This slideshow requires JavaScript.

In August 2014, nearly half a million residents of Toledo, Ohio were told to avoid their water, which is supplied by Lake Erie. The lake had been suffering from a bloom of green slime, caused by the overgrowth of microscopic organisms commonly called blue-green algae, or cyanobacteria.

Pure Lake Erie is a site dedicated to supplying information about the problem with cyanobacteria in Lake Erie. This campaign hopes to warn people about the dangers, teach them about the basic biology, and provide information about how to reduce the problem.

For information about this years bloom, we recommend checking the NOAA’s HAB advisory forecasts

RM_Toxic Algae Infographic FIN


Lake Erie’s problem with cyanobacteria is not year round.  The water from the lake is normally quite clean and Toledo and the surrounding area enjoy excellent tap water derived from the lake.  The problem is that conditions during the hot summer months, especially after a wet spring, can occasionally promote the toxic blooms that lend the lake unwarranted ill fame.  Nutrient pollution in the lake from agriculture and other sources increases the likelihood of blooms growing large and dangerous.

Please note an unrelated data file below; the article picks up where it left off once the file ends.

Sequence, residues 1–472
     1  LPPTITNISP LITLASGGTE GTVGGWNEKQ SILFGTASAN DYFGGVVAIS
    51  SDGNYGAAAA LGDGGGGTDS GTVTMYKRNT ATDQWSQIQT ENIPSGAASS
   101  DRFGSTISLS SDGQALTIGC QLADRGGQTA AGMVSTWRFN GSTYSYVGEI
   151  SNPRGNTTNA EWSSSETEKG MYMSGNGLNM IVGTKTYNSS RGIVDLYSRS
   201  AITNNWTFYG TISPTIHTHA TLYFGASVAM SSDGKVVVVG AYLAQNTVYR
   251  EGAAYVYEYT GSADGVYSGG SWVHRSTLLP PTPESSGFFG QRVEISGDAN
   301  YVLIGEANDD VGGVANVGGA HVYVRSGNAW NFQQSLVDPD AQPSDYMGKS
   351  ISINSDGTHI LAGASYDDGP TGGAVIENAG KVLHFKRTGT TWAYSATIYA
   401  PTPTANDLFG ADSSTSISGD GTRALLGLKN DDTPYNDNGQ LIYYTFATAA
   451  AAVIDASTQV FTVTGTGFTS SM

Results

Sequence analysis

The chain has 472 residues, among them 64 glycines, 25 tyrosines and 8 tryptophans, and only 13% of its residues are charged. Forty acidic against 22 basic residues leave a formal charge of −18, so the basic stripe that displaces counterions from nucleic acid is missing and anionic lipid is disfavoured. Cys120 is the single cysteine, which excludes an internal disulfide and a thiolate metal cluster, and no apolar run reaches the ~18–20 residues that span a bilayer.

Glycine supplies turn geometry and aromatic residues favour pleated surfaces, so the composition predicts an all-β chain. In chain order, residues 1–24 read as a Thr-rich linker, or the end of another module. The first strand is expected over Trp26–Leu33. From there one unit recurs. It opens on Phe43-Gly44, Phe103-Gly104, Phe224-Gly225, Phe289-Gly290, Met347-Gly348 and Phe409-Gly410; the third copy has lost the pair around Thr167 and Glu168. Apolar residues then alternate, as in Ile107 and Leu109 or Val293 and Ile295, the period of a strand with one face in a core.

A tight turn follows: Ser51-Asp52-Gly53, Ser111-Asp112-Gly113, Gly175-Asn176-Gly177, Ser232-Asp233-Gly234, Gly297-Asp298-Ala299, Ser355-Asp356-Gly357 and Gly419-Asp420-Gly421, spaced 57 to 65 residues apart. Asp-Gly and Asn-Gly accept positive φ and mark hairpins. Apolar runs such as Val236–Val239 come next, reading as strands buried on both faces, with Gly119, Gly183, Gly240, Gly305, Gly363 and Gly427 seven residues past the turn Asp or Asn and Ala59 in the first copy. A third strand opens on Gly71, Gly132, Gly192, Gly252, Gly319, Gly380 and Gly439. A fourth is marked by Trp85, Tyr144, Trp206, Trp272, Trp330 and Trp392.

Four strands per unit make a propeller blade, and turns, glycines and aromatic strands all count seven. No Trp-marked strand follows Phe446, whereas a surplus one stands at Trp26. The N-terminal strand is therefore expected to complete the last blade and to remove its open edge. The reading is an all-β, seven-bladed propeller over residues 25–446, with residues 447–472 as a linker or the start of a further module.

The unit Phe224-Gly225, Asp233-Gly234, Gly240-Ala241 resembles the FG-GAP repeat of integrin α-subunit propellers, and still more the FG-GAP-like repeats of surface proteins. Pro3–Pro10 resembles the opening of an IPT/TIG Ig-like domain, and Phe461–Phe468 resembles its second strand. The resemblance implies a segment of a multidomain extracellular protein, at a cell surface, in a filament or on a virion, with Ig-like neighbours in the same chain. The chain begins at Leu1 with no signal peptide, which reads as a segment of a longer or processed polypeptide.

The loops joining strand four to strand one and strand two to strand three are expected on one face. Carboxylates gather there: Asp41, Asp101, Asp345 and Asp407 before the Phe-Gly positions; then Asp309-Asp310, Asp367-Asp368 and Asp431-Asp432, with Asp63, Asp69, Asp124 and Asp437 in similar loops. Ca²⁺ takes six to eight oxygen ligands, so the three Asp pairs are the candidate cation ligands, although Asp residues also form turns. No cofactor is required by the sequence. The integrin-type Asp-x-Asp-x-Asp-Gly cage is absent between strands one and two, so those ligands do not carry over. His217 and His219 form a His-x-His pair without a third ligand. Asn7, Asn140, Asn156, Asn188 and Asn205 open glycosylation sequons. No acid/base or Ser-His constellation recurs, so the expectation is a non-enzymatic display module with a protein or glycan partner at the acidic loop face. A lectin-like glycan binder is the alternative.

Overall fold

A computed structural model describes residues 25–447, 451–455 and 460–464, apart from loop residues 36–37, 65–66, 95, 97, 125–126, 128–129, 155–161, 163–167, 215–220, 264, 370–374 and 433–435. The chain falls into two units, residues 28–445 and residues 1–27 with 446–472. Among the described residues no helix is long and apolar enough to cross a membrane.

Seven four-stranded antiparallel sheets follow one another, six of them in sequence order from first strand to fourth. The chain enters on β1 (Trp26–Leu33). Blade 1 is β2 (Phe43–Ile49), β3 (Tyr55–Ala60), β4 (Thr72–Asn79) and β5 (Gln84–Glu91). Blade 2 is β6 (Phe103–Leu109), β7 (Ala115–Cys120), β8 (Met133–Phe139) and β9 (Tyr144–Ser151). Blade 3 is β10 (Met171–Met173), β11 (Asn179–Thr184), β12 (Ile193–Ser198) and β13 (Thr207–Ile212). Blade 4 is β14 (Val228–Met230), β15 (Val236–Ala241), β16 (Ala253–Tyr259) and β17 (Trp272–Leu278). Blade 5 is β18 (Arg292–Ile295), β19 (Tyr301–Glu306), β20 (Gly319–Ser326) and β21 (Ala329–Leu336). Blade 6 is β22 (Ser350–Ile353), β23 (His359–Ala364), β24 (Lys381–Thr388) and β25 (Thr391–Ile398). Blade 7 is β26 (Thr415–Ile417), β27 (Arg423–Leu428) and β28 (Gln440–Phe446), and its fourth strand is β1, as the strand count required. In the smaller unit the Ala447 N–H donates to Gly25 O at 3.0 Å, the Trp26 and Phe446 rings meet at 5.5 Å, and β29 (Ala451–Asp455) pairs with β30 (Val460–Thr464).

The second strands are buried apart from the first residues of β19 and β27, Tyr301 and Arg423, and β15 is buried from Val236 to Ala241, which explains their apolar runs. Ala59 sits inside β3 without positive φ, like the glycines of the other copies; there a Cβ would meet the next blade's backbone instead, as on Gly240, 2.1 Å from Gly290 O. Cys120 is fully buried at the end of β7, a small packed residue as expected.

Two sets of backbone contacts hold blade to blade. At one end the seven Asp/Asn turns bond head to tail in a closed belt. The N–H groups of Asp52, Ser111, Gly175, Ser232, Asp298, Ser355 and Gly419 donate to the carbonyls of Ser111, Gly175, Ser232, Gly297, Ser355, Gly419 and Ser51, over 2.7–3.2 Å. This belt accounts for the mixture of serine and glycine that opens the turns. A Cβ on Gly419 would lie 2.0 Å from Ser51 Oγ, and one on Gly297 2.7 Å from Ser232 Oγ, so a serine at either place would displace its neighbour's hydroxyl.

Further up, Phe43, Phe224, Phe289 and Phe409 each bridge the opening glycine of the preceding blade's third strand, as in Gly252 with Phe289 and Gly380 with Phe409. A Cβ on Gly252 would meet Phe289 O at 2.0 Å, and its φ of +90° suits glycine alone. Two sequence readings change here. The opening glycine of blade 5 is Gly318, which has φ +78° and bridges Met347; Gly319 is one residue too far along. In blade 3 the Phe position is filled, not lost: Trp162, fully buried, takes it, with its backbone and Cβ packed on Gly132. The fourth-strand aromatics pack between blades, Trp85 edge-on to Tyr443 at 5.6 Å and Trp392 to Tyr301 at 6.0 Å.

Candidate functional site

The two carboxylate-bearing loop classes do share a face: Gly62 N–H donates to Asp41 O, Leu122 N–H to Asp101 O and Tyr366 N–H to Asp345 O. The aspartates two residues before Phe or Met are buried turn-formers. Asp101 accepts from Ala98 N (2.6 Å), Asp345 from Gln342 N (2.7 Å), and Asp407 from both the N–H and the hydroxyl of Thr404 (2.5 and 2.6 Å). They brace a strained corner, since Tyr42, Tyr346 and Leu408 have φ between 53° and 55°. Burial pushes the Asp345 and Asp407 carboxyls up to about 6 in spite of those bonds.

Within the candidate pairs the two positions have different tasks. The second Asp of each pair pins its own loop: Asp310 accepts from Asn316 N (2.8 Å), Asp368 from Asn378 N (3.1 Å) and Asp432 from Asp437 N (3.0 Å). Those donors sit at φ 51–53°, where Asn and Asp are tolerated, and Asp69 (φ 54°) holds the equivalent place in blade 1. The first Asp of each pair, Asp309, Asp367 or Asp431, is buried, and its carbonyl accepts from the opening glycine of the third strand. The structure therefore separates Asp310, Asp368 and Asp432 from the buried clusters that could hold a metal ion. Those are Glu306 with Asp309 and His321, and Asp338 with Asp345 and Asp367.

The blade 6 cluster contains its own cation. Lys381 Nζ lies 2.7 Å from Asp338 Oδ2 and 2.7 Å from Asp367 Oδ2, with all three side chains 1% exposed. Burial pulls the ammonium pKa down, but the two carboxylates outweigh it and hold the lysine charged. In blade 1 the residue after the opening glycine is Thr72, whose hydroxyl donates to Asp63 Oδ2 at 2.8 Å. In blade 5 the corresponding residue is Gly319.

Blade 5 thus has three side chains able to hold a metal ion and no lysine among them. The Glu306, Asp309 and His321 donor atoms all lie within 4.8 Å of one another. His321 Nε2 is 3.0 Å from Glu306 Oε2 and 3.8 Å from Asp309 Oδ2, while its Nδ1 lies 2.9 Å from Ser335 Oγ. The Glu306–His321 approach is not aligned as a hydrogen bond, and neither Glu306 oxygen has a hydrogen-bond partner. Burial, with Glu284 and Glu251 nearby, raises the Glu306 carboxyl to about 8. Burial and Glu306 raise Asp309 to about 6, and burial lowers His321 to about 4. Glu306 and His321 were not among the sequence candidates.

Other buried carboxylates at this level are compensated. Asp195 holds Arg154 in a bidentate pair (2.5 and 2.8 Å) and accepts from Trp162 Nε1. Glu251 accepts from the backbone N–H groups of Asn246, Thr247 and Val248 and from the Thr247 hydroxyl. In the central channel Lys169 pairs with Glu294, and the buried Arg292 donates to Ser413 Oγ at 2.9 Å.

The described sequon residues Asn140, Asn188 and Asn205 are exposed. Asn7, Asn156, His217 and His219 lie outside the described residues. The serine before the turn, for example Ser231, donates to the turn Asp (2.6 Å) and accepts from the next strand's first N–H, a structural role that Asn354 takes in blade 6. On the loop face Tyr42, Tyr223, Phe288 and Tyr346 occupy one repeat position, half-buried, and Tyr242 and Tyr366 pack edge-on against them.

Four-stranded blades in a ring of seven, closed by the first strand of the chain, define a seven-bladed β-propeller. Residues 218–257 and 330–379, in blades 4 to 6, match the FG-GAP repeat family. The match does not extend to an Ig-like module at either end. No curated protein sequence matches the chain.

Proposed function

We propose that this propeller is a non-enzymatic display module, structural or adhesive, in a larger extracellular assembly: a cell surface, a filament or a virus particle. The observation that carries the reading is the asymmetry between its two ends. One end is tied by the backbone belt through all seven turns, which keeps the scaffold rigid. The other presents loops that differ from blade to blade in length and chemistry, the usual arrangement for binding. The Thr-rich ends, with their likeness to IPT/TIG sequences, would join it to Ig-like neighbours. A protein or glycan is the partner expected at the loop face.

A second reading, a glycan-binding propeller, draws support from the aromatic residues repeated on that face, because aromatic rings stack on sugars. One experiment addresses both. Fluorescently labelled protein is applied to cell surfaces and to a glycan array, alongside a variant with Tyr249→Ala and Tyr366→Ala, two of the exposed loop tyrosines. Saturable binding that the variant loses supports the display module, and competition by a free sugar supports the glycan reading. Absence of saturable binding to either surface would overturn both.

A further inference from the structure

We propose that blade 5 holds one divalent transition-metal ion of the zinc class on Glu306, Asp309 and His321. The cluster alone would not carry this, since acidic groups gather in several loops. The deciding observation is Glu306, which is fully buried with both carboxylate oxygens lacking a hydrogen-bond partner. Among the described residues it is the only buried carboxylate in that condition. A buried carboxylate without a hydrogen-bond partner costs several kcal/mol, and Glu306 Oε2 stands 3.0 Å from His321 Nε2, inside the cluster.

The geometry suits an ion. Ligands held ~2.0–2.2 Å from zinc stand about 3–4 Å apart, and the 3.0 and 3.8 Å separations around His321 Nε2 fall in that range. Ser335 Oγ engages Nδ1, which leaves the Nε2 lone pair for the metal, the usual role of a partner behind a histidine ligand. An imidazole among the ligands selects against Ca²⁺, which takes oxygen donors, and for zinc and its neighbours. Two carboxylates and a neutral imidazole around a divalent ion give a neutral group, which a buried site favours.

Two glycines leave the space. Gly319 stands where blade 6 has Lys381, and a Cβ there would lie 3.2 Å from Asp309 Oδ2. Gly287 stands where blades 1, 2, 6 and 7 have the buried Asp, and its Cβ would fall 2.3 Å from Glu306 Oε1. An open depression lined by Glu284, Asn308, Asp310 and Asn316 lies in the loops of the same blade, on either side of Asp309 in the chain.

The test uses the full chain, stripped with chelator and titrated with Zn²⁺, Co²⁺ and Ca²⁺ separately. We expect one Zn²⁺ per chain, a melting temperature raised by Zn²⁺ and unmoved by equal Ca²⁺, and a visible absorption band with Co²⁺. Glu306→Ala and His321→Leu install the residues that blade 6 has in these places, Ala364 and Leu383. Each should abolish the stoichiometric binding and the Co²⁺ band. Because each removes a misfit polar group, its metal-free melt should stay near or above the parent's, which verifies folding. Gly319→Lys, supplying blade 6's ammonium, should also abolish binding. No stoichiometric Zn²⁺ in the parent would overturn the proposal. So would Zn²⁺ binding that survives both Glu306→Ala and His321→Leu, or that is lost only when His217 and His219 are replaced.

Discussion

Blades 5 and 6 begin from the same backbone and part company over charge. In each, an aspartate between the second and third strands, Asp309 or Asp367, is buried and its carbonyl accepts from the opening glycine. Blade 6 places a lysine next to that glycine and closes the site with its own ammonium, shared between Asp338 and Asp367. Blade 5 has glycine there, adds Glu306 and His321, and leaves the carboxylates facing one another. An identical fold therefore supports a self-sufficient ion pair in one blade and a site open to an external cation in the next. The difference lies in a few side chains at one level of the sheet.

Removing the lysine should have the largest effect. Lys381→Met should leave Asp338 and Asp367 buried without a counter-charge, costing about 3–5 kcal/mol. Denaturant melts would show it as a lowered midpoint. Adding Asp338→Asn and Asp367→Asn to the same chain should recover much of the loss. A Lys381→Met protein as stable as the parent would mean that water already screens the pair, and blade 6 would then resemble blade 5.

Usually the blooms occur late in the summer, but the 2014 bloom started a month early, catching everyone off guard and then leading to the infamous water ban.[1]  The ban was in the beginning of August; by comparison the 2011 bloom (which was the worst on record) was in September and caused no ban on drinking water.[2]  When the blooms are anticipated, the water filtration facilities can get ready and administer the special treatments needed to keep the water safe.


The following video is by Quest/KQED. Quest is funded by a grant from the National Science Foundation.  Please visit science.kqed.org/quest for more information.